You are unfit for governance by your own beliefs.

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Yes, but today.... I watch the news and the developments. Liquidity: About.com says "Liquidity is the amount of capital available for investment." Now I know that back when the crisis hit, lending dried up; but that was based on expectations, not liquidity. Look at the history:There is lots of liquidity, but just not much justification (have you seen the future?) to let it to flow. ~

 

I agree. Banks, corporations, and the public are all holding on to their cash and loaning little. They are all afraid of a depression (the so-called "double dip") with prices falling so that cash and liquidity would be at a premium. If you (and the government) are in debt during a deflation, it become increasingly difficult to pay because personal and tax revenue are declining. Deflation feeds on itself in a vicious cycle manner.

 

What business, the public and the banks are waiting for is for government to put in a large infusion (creating money) in order to remove the deflation threat by re-inflating the economy. With prices rising again because everyone has more money, people buy, banks loan, business expands because everyone knows that both income and prices will be higher, so there is no need to wait.

 

Those who hate "Big Government" and think most of its functions can be handled better by business will perhaps explain how honestly and reliable would business handle the following list of government functions:

 

1. The court system

2. The military

3. indigent care and services

4 our national parks, lakes and forests

5. our prisons

6. dealing with air and water pollution

7. the police

8. the CIA

etc. etc. etc.

 

When and if we do re-inflate and recover, then it will be time to raise taxes and cut government expenses to reduce government debt.

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okay, to be clear, i'm not an anarchist, i'm libertarian

 

1. The court system

2. The military

3. indigent care and services

4 our national parks, lakes and forests

5. our prisons

6. dealing with air and water pollution

7. the police

8. the CIA

 

with the exception of #3 and #8, i think those are things government should do. however, i also think government could do a much better job of than its currently doing.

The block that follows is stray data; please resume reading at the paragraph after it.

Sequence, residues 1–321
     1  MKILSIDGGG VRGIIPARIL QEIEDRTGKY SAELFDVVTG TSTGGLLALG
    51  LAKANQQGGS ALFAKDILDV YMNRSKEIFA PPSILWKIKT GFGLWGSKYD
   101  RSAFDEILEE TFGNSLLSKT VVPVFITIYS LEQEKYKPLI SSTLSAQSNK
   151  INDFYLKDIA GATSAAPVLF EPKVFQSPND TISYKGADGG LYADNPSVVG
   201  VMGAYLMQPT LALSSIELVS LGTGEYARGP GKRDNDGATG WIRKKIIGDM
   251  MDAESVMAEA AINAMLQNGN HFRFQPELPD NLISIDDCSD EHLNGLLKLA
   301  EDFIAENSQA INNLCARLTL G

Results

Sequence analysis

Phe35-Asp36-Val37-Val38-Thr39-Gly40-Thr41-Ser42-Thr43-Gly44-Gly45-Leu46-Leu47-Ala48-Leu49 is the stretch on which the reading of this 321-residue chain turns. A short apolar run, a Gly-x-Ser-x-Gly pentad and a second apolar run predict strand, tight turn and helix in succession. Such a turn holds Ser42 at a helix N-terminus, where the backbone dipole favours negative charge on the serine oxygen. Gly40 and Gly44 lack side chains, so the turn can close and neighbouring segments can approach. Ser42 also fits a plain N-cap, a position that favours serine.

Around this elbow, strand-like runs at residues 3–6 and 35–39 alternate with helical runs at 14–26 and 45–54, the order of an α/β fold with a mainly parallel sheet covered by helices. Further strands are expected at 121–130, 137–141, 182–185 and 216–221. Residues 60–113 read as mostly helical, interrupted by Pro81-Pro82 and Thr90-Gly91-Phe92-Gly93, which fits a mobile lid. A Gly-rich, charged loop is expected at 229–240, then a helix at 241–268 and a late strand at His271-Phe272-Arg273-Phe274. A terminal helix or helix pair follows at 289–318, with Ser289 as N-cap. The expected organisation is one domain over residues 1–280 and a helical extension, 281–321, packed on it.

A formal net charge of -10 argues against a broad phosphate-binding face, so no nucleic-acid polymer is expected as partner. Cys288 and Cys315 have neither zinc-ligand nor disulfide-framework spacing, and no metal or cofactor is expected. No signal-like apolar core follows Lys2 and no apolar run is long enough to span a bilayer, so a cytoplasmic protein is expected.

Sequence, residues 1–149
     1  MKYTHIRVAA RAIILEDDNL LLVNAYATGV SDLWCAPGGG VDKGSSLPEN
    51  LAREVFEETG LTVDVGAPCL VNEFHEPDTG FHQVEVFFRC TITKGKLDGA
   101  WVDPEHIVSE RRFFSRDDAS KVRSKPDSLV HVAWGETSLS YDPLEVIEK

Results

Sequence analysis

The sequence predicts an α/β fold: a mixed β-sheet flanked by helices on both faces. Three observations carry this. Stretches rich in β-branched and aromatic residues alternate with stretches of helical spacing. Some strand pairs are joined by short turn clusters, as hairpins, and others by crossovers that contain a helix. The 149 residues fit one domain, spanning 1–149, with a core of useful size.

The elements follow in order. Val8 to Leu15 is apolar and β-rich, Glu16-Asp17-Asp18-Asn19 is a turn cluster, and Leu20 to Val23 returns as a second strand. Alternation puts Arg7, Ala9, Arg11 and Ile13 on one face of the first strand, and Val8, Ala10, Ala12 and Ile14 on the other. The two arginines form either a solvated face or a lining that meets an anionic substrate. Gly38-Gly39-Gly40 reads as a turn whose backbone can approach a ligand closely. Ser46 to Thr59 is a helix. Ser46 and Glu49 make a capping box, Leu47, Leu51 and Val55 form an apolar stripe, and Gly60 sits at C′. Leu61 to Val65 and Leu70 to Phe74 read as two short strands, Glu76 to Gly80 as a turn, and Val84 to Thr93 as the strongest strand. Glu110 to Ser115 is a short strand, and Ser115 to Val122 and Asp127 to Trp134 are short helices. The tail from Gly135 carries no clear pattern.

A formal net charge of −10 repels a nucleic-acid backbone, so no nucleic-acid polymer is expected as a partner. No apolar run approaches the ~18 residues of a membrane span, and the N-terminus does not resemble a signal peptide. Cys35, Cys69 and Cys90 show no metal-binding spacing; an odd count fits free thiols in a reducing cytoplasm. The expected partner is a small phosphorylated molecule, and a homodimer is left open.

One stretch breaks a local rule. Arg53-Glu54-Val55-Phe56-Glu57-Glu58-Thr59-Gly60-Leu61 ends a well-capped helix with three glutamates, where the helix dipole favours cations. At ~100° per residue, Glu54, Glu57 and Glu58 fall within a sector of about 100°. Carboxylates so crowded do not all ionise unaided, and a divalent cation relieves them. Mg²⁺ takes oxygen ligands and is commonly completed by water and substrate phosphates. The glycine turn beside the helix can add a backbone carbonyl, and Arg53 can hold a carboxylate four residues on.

take military. does America really need to be fighting 4 wars simultaneously? does it really need over 100 bases in over 60 countries?

take the court system. we are now a sue happy nation, particularly when it comes to medical care. and the courts seem to like this, as there have been several failed attempts to reign in the problem. it can now take more than a year to even get to trial.

take our prisons. do i even need to state the list of problems, particularly in California?

look, I'm not saying privately owned business would necessary do a better job on these issues, in fact I'd probably argue the opposite. but unless we address and correct these problems, there will never be a recovery.

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okay, to be clear, i'm not an anarchist, i'm libertarian

 

1. The court system

2. The military

3. indigent care and services

4 our national parks, lakes and forests

5. our prisons

6. dealing with air and water pollution

7. the police

8. the CIA

 

with the exception of #3 and #8, i think those are things government should do. however, i also think government could do a much better job of than its currently doing.

take military. does America really need to be fighting 4 wars simultaneously? does it really need over 100 bases in over 60 countries?

take the court system. we are now a sue happy nation, particularly when it comes to medical care. and the courts seem to like this, as there have been several failed attempts to reign in the problem. it can now take more than a year to even get to trial.

take our prisons. do i even need to state the list of problems, particularly in California?

look, I'm not saying privately owned business would necessary do a better job on these issues, in fact I'd probably argue the opposite. but unless we address and correct these problems, there will never be a recovery.

 

I agree that we have too many bases around the world. We have too many lawyers and we were led into two big wars in the Near East we should have avoided. I agree that the government is more inefficient than "Big Busines."

 

But what are we supposed to do with the physically handicapped and the retarded, the struggling unemployed, the dearanged, the aged and the inferm? If they have no families or ones that cannot care for them, are they to be left wandering the streets?

 

To me there is no question but what our govenrment has been spending too much and taxes too little. The federal debt is the result. My problem with your last statement is that it the Congress does effectively cut federal expenditures, the amoung of debt shrinkage would naturally equal a smaller money supply. That means fewer dollars chasing the same goods. In other words, it would cause the same sort of deflation we had between the late 1920s and the early 1930s, that is, the Great Depression. If we had an effective government uninhibited by budget deficits now and bent on a big stimulus, the increase in the money supply would cause prices to rise. People would buy again as waiting would only result in paying a higher price. More sales would mean more production, more jobs and more people going back to work. The end result would be that the tax inflow would increase---and in an ideal economy and society (!), the increased income would be used to reduce the debt!

 

Don't you think we have to have a spy organization? I understand they have prevented terrorist attacks in the US.